News Story

Curatorial Advisor Hilary Underwood reflects on the Gallery's 120th anniversary, detailing its humble beginnings and rich history, her own 35-year tenure, and how it has evolved into what it is today.

Photograph of the exterior of Watt Gallery in Compton. Taken in the early 1900s
Exterior of Watts Gallery - Artists' Village with summer flowers in the foreground

In 2024, Watts Gallery celebrates its first 120 years. I have been a member of the curatorial team for over thirty-five years so have worked for the gallery for over a quarter of its history. I came in the summer of 1988, as assistant to the curator, Richard Jefferies. The Gallery then had a staff of one-and-a-half, and I was the half. I did postgraduate work on Watts at the Courtauld Institute, so I could assist Richard with research queries, but I was mainly responsible for the open Gallery and its visitors (there weren’t any volunteers then). ‘But surely you have somebody to do the cleaning,’ asked a curator friend. ‘I do the cleaning,’ I replied. Admission was free, and the Gallery’s income was low, so I have the highest possible admiration for Richard Jefferies and Wilfrid Blunt, the curator before him. Their dedication and Richard’s practical maintenance abilities kept the Gallery going through its most difficult years when Victorian art and Watts were out of fashion.

Richard had come to assist Wilfrid Blunt in 1968 but had known the Gallery since childhood. His uncle was custodian in Mary Watts’s time and his aunt and uncle continued to live here. He was born when his mother was visiting in the 1940s. He had also been a friend of Watts’s ward Lilian Chapman, so he knew people who knew the Gallery in its earliest days. On quiet afternoons, with few visitors, he shared his memories, and I explored the archives.

Painting by George Frederic Watts of Lilian in a white flowy dress and bonnett.

George Frederic Watts, Lilian, 1904

Archive photograph of G F Watts surrounded by the local community in Compton laying the foundation stone to Watts Gallery

George and Mary Watts with Christopher Hatton Turnor laying the foundation stone of Watts Gallery on Watts’s 86th birthday, 1903

Archive photograph of the inside of Watts Gallery in 1906

Isabel Goldsmith Patino Gallery (formerly the Green Gallery), 1906

Watts laid the Gallery’s foundation ‘stone’ (actually Compton Pottery) on the corner of the Curator’s House on his 86th birthday in 1903. Photos of the event show him well bundled up - it was 23rd February. Construction probably began in summer 1902. The first phase of Christopher Turnor’s building was made of concrete, poured in layers between shuttering, which sets poorly in wet, frosty winter weather. Sadly, Mary Watts made only two diary entries between mid-April and early November in 1902 and her 1903 diary has not survived, so building progress is undocumented. It was opened to the public on Good Friday 1904. At first it also housed Mary’s apprentice potters. Early postcards title it ‘The Hostel, Compton.’ Watts died in the summer of 1904. The Gallery collection then featured in a travelling memorial exhibition and Mary Watts extended the Gallery with the large room (now the Isabel Goldsmith Patino Gallery) and the Sculpture Gallery, reopening in 1906. The first curator, Charles H. Thompson, an artist, was appointed in 1907, but he was living in Cornwall by 1916. After an interregnum, Rowland Alston, also an artist, was appointed curator in April 1931. He had been badly injured in the First World War and then a prisoner of war. Mary Watts always favoured employing injured ex-servicemen.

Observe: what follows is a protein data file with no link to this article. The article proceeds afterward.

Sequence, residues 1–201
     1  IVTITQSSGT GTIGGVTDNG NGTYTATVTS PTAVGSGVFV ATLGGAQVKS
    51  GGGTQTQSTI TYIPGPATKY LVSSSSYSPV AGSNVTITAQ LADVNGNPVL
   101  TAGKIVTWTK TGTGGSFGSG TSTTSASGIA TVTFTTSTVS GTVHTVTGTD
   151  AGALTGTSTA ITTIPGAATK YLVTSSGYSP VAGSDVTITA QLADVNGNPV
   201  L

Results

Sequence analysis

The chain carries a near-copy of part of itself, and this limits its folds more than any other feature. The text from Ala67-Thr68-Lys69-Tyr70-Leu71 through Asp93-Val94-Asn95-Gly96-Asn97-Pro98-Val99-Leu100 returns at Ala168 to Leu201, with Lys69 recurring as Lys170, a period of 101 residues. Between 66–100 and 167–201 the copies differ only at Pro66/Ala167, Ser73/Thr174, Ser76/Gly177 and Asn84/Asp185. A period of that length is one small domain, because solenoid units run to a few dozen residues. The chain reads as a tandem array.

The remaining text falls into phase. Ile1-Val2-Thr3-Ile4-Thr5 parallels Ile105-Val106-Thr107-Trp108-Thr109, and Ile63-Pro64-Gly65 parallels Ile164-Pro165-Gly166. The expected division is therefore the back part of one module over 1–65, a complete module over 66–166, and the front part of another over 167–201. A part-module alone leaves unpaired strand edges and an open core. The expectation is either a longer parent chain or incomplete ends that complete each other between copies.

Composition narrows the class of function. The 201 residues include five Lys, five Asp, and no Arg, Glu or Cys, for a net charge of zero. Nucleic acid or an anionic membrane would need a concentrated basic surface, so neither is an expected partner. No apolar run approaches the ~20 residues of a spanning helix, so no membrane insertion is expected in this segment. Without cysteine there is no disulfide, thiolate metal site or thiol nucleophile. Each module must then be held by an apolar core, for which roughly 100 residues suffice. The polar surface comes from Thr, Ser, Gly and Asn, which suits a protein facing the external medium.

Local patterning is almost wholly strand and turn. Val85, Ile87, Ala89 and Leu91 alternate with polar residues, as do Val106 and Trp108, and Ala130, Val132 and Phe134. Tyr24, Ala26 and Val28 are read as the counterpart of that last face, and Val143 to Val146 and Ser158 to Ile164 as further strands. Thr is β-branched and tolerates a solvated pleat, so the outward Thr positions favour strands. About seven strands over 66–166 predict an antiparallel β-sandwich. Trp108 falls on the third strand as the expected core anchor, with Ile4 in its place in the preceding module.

Archive photograph of Mary Watts talking to soldiers outside the Watts Gallery

Mary meeting soldiers outside the Gallery entrance, unknown date

Postcard of the outside of Watts Gallery, captioned "The Hostel"

Postcard titled “The Hostel”, unknown date

King Charles and Queen Consort Camilla at the re-opening ceremony of Watts Gallery

Re-opening the Gallery by the Prince of Wales and Duchess of Cornwall, 2011

Richard Jeffries retired in 2006 after the Gallery’s centenary exhibition in 2004. Thus, the Gallery had only four curators in the first century of its existence. He was succeeded by Mark Bills under the directorship of Perdita Hunt. They oversaw fundraising and the restoration of the Gallery between 2004 and 2010. The re-opening was marked by a visit by the Prince of Wales and Duchess of Cornwall (the present King and Queen) and a pottery plaque mirroring Watts’s original foundation stone.